Ukraine is a post-Soviet urban oasis beautifully shot by a Canadian crew in “Goodbye Golovin,” this year’s short film winner of the Odesa International Film Festival. But that polished image seems slightly off in a drama about a young man contemplating leaving his home country for good.

Thankfully, there are Ukrainian actors whose genuine portrayal of this internal conflict is as powerful as it is convincing. They’ve been living in Ukraine their whole lives after all.

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There’s not much to the story: The titular character Ian Golovin prepares to go abroad after his father’s death, while leaving his sister and friends behind. For much of the 14-minute film, he wanders around his residential neighborhood meditating on his decision to the beats of hip-hop.

Outwardly, we don’t see much reason for Ian to leave. He lives in a nice apartment, has a cat and a car (I don’t have both, yet here I am, still in Ukraine). He walks around his post-Soviet apartment block that doesn’t seem grey, dirty or crowded at all. It’s green and sun-soaked instead, stylishly shot to emphasize the lines and curves of its architecture.

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That’s where the background of the film’s director comes in. Mathieu Grimard’s previous work has been in shooting commercials and music videos. And in filming “Goodbye Golovin,” he seems to follow the aesthetic fancied by his Western colleagues in shooting Ukraine’s post-Soviet landscapes for ads and music reels.

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The trend started in 2014, when the Kyiv production service company Radioaktive Film helped British director Daniel Wolfe make the music video for “Iron Sky” by Paulo Nutini.

A number of ads have been shot using these aesthetics in Kyiv by the likes of Diesel, Apple and BMW, and music videos were filmed for pop artists such as Miley Cyrus and K-pop band NCT.

There was even a commercial for Beats Electronics filmed by Guy Ritchie. And it really looks cool.

Yes, cool is the quality that filmmakers seek with this aesthetic. They try to make this post-Soviet architecture look cleaner and more expressive to meet the pop culture demands of their media.

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But cool is not the way to go to make a short film drama. In “Goodbye Golovin,” the polished and stylishly shot images of Kyiv do nothing to advance the story. Instead, they make it look more like a music video boxed in some drama.

Grimard also wrote the screenplay to the film, but it doesn’t seem he can really inhabit the lives of his characters. A Canadian probably needs to live many years in Ukraine to write a story about a young Ukrainian man trying to change his identity by going abroad, just as much as a Ukrainian would need to write one about such a Canadian.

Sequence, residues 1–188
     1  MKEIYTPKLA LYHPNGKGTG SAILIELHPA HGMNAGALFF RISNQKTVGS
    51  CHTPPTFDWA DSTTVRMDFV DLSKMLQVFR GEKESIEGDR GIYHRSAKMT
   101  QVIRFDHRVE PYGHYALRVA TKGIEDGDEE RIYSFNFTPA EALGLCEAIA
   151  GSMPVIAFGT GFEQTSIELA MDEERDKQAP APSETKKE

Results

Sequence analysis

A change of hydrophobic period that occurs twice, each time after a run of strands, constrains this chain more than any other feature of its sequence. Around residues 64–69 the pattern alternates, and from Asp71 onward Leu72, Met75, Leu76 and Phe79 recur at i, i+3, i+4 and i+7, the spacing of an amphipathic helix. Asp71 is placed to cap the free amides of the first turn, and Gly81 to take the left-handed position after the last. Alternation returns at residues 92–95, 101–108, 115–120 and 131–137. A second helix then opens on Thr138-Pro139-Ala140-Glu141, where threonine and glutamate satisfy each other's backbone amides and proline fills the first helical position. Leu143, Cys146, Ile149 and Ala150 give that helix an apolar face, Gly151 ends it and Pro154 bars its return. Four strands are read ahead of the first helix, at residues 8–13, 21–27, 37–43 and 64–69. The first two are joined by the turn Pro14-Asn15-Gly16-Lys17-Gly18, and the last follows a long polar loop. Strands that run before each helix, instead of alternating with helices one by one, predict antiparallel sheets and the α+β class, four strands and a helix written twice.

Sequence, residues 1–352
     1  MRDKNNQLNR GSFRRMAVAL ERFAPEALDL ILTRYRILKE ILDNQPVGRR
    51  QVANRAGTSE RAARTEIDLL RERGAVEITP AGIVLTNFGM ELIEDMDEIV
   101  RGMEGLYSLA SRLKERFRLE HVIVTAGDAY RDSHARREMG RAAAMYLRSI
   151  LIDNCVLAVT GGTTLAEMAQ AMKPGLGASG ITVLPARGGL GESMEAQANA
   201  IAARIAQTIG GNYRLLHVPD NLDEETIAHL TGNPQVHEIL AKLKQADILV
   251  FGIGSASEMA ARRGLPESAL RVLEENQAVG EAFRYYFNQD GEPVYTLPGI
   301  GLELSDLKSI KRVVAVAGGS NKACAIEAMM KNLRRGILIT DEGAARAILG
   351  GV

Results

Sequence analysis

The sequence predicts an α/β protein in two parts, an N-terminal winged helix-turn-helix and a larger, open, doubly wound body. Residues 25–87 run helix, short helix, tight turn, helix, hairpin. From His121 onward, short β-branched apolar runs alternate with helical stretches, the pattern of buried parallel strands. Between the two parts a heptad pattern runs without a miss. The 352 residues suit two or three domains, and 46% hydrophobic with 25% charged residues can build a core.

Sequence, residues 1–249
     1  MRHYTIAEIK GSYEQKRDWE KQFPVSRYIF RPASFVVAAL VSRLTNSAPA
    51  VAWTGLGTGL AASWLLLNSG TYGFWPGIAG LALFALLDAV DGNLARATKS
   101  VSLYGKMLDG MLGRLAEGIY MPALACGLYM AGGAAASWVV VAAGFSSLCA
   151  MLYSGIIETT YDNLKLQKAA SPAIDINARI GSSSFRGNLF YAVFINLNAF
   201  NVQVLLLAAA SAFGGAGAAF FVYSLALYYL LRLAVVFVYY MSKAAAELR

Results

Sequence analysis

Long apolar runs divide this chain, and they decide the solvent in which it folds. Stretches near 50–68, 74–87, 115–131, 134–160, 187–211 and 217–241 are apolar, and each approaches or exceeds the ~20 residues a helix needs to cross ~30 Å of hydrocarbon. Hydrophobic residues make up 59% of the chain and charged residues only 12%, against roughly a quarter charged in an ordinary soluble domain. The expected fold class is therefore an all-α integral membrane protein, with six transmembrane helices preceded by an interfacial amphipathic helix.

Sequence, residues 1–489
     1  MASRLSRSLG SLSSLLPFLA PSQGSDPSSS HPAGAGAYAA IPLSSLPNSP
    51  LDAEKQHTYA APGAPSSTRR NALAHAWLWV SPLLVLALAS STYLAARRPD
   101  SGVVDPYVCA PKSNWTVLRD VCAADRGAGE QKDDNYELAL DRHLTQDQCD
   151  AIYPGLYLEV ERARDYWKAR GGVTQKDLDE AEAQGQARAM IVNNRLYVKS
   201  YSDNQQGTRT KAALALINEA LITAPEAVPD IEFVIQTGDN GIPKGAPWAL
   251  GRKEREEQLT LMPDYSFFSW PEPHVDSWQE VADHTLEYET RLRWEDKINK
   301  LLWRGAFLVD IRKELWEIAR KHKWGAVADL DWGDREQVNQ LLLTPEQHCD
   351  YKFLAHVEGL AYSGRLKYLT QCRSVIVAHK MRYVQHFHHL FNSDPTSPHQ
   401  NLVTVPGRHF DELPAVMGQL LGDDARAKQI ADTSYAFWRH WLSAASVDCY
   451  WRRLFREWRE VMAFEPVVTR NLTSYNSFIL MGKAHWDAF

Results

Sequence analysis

Besides, the theme of Ukrainians planning to go abroad has already been powerfully explored in contemporary Ukrainian films, albeit full features.

In Marina Stepanska’s “Falling” (2017), a young woman played by Dasha Plakhtiy almost leaves for Germany with an expat boyfriend, only to be dragged back by a troubled but (newly) sincere Ukrainian young man. There is a similar story in Daria Onyshchenko’s “Zabuti” (2019) with one major difference – its heroes live in a different Ukraine – the Russian-occupied city of Luhansk.

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While the external conflict of “Goodbye Golovin” is unconvincing, the film is worth watching for Ian’s internal battles. The credit goes to lead actor Oleksandr Rudinskiy, who was just a student when he gave this electrifying performance. With his expression, Rudinskiy manages to make his character’s monologues a little less pretentious.

From the role of a woman who considers emigrating in “Falling,” actress Plakhtiy switches to the role of Masha, a possible love interest who tries to convince Ian to stay. It’s a solid performance, and a compliment goes to Plakhtiy and Grimard for making Masha at least one Ukrainian-speaking character in the film, while the rest speak Russian.

The film’s strongest line, informed by the filmmaker’s life, comes from her lips: “You think by changing the audience, we can change who we are?”

No. And we can’t change the audience with a film about what we are not.

This story was produced within the Intensive Course for Film Critics organized by the Contemporary Ukrainian Cinema NGO. The content is independent of the organizers. 

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